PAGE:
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Climbing Robot Tank Can Corner Like a Gecko

This dry-adhesion tankbot can transition from horizontal to vertical surfaces and back again

2 min read
Climbing Robot Tank Can Corner Like a Gecko

This is not the first sticky-treaded robotank, but as far as I know, it's the first one that can manage to go around corners and make that tricky transition from horizontal to vertical. The somewhat unfortunately named "Tailless Timing Belt Climbing Platform" (or TBCP-11) comes from Simon Frasier University way up there in Canada. It weighs 240 grams, and has no problems climbing up whiteboards, glass, and other slick surfaces.

The sticking power of those treads comes from the same handy little Van der Waals forces that geckos use to effortlessly stick to, well, everything. Instead of tiny hairs, though, TBCP-11 uses tiny mushrooms, which provide a substantial amount of conformable surface area for the robot to use to adhere to walls.

Maximizing compliant surface area has been an issue for gecko-type (aka dry-adhesion) climbing robots for a long time; the material itself is spectacular, but the tough part is getting enough of the material to make contact with your climbing surface. For example, check out the picture of Stickybot III's toes in this article, and notice how little of the adhesive the robot is relying on to stick. This is one of the advantages of the TBCP-11: the continuous loops of adhesive material provide a lot of adhesion power.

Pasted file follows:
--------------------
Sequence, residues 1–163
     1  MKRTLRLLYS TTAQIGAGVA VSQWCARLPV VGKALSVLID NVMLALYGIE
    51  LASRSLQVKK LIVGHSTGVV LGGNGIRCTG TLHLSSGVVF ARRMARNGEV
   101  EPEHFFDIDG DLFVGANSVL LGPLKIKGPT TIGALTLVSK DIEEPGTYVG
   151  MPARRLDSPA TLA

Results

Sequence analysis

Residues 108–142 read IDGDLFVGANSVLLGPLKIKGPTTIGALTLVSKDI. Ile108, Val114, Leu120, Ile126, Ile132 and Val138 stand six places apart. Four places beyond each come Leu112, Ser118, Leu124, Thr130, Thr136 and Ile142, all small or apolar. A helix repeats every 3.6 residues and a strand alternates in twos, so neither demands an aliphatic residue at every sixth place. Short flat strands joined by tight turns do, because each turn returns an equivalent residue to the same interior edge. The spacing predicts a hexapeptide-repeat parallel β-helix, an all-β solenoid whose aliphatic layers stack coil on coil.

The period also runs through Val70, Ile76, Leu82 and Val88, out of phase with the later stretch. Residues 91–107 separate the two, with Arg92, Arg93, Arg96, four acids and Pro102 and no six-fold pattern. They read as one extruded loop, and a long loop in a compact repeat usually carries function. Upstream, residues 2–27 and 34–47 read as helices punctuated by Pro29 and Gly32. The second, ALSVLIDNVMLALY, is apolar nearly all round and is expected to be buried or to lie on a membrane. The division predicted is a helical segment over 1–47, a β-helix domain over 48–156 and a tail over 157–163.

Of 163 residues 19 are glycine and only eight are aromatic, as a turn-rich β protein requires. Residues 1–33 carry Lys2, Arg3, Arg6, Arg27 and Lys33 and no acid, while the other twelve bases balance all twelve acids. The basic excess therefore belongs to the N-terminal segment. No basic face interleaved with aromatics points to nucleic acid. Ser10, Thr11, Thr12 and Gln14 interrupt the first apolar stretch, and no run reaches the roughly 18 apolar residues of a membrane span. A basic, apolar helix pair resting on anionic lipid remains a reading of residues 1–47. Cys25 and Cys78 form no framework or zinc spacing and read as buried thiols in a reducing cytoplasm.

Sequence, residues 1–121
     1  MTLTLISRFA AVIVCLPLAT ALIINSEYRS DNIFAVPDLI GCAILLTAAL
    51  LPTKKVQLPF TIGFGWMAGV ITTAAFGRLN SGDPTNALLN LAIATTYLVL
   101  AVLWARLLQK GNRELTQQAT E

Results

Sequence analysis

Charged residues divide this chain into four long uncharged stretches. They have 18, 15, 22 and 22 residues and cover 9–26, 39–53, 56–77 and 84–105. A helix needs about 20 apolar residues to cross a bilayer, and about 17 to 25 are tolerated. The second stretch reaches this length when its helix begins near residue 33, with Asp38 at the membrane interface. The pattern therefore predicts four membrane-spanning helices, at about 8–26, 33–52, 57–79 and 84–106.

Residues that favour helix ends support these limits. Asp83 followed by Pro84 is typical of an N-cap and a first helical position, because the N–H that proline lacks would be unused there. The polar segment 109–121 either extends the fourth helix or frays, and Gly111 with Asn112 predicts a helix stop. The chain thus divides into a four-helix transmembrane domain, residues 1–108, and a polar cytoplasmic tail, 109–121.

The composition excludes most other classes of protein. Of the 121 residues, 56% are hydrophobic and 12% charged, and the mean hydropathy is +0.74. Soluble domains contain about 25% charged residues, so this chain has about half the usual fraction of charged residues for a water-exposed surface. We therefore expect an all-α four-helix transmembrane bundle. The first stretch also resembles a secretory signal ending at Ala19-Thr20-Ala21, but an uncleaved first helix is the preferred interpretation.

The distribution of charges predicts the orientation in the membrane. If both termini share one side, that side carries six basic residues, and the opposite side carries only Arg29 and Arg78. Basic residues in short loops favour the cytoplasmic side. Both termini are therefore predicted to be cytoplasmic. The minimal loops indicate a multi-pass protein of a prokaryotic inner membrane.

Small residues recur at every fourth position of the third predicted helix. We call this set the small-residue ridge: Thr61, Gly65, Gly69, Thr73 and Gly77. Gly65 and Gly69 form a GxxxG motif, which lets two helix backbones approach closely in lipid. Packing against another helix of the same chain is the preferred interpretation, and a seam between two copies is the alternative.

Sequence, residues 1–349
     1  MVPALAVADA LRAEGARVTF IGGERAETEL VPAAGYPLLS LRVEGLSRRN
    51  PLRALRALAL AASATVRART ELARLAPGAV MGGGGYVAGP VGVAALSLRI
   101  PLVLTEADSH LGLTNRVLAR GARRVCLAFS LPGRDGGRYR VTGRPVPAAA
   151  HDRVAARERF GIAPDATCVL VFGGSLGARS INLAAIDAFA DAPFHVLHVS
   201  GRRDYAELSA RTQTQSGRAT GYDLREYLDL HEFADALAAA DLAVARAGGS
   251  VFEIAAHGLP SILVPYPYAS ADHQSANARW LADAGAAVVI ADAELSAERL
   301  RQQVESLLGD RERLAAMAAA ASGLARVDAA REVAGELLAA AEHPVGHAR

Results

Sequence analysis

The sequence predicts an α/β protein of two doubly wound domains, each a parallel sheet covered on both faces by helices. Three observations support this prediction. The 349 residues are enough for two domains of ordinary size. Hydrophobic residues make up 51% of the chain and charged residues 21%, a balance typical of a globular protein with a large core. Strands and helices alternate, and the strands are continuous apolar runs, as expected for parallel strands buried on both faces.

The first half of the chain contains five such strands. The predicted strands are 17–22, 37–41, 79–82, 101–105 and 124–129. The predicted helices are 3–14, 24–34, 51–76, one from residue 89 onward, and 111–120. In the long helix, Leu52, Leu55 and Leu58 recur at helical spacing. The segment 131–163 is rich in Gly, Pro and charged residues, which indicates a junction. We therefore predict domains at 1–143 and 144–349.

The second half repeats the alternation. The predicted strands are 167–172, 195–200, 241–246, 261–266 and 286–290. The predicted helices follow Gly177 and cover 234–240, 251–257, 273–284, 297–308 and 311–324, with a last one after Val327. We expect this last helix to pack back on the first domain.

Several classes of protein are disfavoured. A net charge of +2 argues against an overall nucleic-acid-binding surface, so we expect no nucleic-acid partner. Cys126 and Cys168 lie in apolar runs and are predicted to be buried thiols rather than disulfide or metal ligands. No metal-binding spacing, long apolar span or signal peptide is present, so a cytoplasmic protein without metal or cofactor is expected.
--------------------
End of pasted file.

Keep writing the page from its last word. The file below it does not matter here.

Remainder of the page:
While this robot does have some autonomous capability, it's still tethered for power, since batteries are heavy. It's going to take a little extra work to increase the strength of the adhesive so that the TBCP-11 can bring its power source onboard, and the SFU researchers are also trying to figure out how to get the thing to turn without the treads coming loose and causing the TBCP-11 to plummet to its doom.

[ SFU ] via [ Vancouver Sun ]

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The Bionic-Hand Arms Race

The prosthetics industry is too focused on high-tech limbs that are complicated, costly, and often impractical

12 min read
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A photograph of a young woman with brown eyes and neck length hair dyed rose gold sits at a white table. In one hand she holds a carbon fiber robotic arm and hand. Her other arm ends near her elbow. Her short sleeve shirt has a pattern on it of illustrated hands.

The author, Britt Young, holding her Ottobock bebionic bionic arm.

Gabriela Hasbun. Makeup: Maria Nguyen for MAC cosmetics; Hair: Joan Laqui for Living Proof
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In Jules Verne’s 1865 novel From the Earth to the Moon, members of the fictitious Baltimore Gun Club, all disabled Civil War veterans, restlessly search for a new enemy to conquer. They had spent the war innovating new, deadlier weaponry. By the war’s end, with “not quite one arm between four persons, and exactly two legs between six,” these self-taught amputee-weaponsmiths decide to repurpose their skills toward a new projectile: a rocket ship.

The story of the Baltimore Gun Club propelling themselves to the moon is about the extraordinary masculine power of the veteran, who doesn’t simply “overcome” his disability; he derives power and ambition from it. Their “crutches, wooden legs, artificial arms, steel hooks, caoutchouc [rubber] jaws, silver craniums [and] platinum noses” don’t play leading roles in their personalities—they are merely tools on their bodies. These piecemeal men are unlikely crusaders of invention with an even more unlikely mission. And yet who better to design the next great leap in technology than men remade by technology themselves?

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